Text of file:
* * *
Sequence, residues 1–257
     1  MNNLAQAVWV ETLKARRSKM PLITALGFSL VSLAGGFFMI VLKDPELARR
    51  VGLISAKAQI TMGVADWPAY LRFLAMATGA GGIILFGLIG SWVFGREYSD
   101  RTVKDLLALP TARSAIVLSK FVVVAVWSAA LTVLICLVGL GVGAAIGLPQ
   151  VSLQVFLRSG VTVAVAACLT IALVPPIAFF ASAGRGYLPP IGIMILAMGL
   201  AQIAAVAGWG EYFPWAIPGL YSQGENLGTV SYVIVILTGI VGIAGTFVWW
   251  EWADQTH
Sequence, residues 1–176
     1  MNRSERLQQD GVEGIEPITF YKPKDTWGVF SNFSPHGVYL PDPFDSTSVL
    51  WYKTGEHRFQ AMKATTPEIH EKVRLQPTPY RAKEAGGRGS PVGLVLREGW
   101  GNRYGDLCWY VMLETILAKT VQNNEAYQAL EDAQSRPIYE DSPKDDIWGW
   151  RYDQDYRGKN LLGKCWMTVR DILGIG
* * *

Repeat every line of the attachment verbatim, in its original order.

Sequence, residues 1–257
     1  MNNLAQAVWV ETLKARRSKM PLITALGFSL VSLAGGFFMI VLKDPELARR
    51  VGLISAKAQI TMGVADWPAY LRFLAMATGA GGIILFGLIG SWVFGREYSD
   101  RTVKDLLALP TARSAIVLSK FVVVAVWSAA LTVLICLVGL GVGAAIGLPQ
   151  VSLQVFLRSG VTVAVAACLT IALVPPIAFF ASAGRGYLPP IGIMILAMGL
   201  AQIAAVAGWG EYFPWAIPGL YSQGENLGTV SYVIVILTGI VGIAGTFVWW
   251  EWADQTH
Sequence, residues 1–176
     1  MNRSERLQQD GVEGIEPITF YKPKDTWGVF SNFSPHGVYL PDPFDSTSVL
    51  WYKTGEHRFQ AMKATTPEIH EKVRLQPTPY RAKEAGGRGS PVGLVLREGW
   101  GNRYGDLCWY VMLETILAKT VQNNEAYQAL EDAQSRPIYE DSPKDDIWGW
   151  RYDQDYRGKN LLGKCWMTVR DILGIG